5 Tips for Making the Most of the Seville Fair

November 6, 2015
spain, spain things to do
5 Tips for Making the Most of the Seville Fair

Feria is a week-long festival that takes place in cities and towns across southern Spain. In Seville, it starts two weeks after Easter, with festivities running from 12 pm to 5 am. Schools are closed, although most businesses and shops stay open.

The fairgrounds consist of a series of casetas, or wood and cloth tents, arranged in a grid pattern in a plot of land in Los Remedios, a neighborhood in the southwest corner of the city. If you plan on attending the Seville Fair, here are five tips to keep in mind.

5 Tips for Making the Most of the Seville Fair

1. Pace yourself

I would recommend stopping by the fair grounds once during the day to get the feel of the layout: go through the large temporary “gateway” that is constructed at the front of the fairgrounds every year, walk down the dusty dirt avenues lined with over 1,000 casetas, and check out the strings of decorative lights overhead. Then come back after dusk, when most of the dancing and partying will take place inside the casetas.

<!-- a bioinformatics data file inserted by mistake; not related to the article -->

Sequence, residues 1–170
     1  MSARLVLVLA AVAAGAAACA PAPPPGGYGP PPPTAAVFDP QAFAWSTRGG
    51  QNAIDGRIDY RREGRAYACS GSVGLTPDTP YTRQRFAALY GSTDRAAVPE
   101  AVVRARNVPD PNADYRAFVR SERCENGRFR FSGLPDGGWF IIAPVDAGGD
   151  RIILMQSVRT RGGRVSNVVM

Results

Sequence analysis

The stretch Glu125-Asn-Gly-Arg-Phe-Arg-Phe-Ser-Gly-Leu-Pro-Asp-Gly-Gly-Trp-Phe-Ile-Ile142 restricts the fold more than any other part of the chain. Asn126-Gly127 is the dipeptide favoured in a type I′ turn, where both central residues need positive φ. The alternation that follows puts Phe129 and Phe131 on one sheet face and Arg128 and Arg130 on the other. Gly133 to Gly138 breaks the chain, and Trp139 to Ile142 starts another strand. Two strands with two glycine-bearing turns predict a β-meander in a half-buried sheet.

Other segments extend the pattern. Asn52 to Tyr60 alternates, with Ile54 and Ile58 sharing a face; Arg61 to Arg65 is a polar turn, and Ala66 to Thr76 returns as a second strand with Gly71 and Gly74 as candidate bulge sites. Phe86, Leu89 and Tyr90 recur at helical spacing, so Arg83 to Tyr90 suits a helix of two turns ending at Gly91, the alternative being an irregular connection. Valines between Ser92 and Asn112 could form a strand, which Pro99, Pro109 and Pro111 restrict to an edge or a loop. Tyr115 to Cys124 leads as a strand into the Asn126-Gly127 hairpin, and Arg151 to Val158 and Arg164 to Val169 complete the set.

You can easily pick and choose how often to attend, from a couple of hours on a single night to six or seven hours per night for all six nights. For instance, I went with a group of friends on a Tuesday and partied until about 3 am, slept in until noon on Wednesday, and then went with another group on Thursday from about 8 pm right up until the 5 am closing time. This helped space out my experience and prevent burnout.